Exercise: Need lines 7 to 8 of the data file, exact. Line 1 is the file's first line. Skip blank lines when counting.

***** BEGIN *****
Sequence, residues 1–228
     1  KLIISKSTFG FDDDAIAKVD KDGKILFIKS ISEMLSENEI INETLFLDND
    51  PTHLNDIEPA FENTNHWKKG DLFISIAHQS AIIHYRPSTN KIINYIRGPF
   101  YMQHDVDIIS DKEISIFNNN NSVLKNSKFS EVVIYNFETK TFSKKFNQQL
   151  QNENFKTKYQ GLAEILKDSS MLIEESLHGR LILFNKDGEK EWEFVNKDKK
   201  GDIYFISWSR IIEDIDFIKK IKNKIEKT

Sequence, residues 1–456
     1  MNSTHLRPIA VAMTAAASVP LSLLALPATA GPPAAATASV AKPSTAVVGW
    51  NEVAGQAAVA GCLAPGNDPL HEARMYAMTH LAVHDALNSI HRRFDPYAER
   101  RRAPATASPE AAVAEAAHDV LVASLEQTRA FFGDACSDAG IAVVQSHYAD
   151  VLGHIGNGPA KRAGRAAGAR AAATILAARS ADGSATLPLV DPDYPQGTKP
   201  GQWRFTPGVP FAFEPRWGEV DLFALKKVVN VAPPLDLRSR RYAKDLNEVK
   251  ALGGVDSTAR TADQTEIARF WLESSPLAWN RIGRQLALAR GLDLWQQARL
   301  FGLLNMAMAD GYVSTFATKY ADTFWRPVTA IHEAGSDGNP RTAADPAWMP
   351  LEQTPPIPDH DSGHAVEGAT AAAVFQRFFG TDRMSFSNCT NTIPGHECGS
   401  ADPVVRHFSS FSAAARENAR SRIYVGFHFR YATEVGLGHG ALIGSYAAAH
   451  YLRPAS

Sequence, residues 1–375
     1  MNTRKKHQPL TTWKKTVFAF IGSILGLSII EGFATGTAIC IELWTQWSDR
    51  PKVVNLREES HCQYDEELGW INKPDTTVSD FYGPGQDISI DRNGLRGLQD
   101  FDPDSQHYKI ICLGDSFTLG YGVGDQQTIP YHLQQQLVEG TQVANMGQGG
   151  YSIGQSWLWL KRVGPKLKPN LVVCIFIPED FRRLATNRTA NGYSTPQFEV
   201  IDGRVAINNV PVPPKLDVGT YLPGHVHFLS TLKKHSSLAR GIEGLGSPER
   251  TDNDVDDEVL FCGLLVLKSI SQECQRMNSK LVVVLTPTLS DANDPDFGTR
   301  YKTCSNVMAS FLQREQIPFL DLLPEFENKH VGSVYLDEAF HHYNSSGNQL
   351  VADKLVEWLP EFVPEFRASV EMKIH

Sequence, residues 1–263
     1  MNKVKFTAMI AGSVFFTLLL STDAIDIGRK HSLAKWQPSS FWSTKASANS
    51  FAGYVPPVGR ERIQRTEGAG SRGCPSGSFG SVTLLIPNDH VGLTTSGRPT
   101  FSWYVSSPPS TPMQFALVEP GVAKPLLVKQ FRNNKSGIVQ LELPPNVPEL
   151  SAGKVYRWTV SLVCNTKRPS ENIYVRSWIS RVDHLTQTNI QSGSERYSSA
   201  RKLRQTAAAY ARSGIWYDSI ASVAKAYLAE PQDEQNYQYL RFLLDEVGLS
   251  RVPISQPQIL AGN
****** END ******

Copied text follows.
Sequence, residues 1–456
     1  MNSTHLRPIA VAMTAAASVP LSLLALPATA GPPAAATASV AKPSTAVVGW